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Olympic House Lausanne

Olympic House
Written by Roma Publications

Olympic House

A stunning new headquarters for the International Olympic Committee (IOC), Olympic House in Lausanne brings all of the committee’s 500 staff under one roof in a building hailed as one of the most sustainable in the world.
The building is geared to further the mission of international cooperation, transparency and sustainability, and has received three of the most rigorous sustainable building certifications.

Designed by Danish architecture firm 3XN, Olympic House brings together employees previously spread across Lausanne in four locations.

The IOC decided in 2014 to move ahead with the consolidation of its head office and 3XN was selected through a multi-stage, international architecture competition certified by the International Union of Architects and led by a jury of renowned architects.

Following the competition, 3XN teamed with Swiss architecture firm IttenBrechbühl to oversee the construction of the project.

Following the IOC’s brief, Olympic House is formed around five key objectives: movement, transparency, flexibility, sustainability, and collaboration – each of which translates the Olympic Movement’s core principles into built form. The building authentically reflects Olympism, the Olympic Movement and the role of the IOC as a catalyst for collaboration in an iconic form.

Kim Herforth Nielsen, co-founder and principal of 3XN explains: “It was the essence of the Olympic Movement and its values that served as the basis of inspiration for the design.

“Olympic House seeks to establish a quality working environment in a design prioritising transparency and flow to facilitate and encourage interaction, communication and knowledge sharing, and to create a highly efficient and sustainable workspace.”

Olympic House is located in a public park, home to the eighteenth-century castle Château de Vidy, on the shores of Lake Geneva.

3XN approached the project with the intent to achieve the highest level of integration with the unique natural and historical setting while creating an emblematic architectural landmark for the local community.
The resultant design respects both the Château’s legacy and the park setting, establishing seamless transitions between the green public space and Olympic House.

A hallmark of 3XN’s design, the façade pays tribute to the Olympic spirit by emulating the graceful movements of an athlete. The dynamic, undulating flow of the façade appears differently from all angles, conveying the energy of an athlete in motion.

Internally, the Unity Staircase, which references the Olympic Rings, soars the full height of the building and connects the five floors through a central atrium. Following the principles of active design, the oak staircase and its periphery define the central area for social activity and movement, promoting a sense of community.

Exhibition spaces, a cafeteria and meeting rooms are also arranged around the central staircase, promoting a sense of community for the 500 regular users.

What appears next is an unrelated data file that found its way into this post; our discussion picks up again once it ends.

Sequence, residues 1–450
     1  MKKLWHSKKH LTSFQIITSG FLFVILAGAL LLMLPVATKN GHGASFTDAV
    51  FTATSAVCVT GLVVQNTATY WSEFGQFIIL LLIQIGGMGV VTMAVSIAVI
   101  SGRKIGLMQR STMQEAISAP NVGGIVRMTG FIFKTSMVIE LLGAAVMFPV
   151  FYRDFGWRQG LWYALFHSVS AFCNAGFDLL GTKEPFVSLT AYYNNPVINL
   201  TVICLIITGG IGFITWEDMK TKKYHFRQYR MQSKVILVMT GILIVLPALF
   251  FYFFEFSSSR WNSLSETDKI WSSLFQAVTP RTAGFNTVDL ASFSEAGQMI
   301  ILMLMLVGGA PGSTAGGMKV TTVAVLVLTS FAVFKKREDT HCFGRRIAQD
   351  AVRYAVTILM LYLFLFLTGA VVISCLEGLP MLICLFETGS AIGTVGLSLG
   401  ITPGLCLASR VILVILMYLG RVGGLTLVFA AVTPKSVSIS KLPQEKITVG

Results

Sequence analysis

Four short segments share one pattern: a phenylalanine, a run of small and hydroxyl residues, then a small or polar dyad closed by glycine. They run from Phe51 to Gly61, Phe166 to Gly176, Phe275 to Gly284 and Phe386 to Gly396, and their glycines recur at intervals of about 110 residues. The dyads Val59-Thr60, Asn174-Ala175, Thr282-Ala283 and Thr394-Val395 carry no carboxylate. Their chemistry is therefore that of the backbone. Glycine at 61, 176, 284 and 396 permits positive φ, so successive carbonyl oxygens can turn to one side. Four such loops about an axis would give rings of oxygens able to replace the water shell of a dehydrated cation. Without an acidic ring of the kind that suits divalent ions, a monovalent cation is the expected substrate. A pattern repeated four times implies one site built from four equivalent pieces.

“The design allows the daily work and movements of the IOC staff to be visible through the transparent façade, reflecting the fair play and openness of the IOC,” says Jan Ammundsen, partner and Head of Design at 3XN.

More than an office building, Olympic House is a privately funded investment in sustainability and has been confirmed as one of the most sustainable buildings in the world.

Olympic House was built with the strong ambition to meet the most demanding sustainability standards both locally and internationally. It was awarded LEED Platinum, the highest certification level of the international LEED green building program.

Additionally, Olympic House obtained the highest (Platinum) level of the Swiss Sustainable Construction Standard (SNBS), and was awarded the Swiss standard for energy-efficient buildings, Minergie P.

It has been designed as a sustainable building in terms of both construction and operations, with special efforts put into energy and water efficiency, waste reduction and landscape integration. Innovative features that minimise the building’s environmental footprint, without compromising the quality of the workspace, demonstrate the IOC’s shared commitment to sustainability.

“We collaborated with leading specialists and manufacturers, following a holistic approach that ensures sustainability for the building’s entire life cycle” explains Robin Kirschke, partner at IttenBrechbühl.
The building’s envelope allows excellent insulation through airtightness and the triple glazing on the internal skin of the facade.

Water efficient sanitary equipment and rainwater capture significantly reduce the building’s water consumption. Solar panels placed to underline the roof design, minimise the need for electricity from the grid.
Another important sustainability feature is the use of lake water through heat exchange for the heating and cooling of the building.

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Roma Publications

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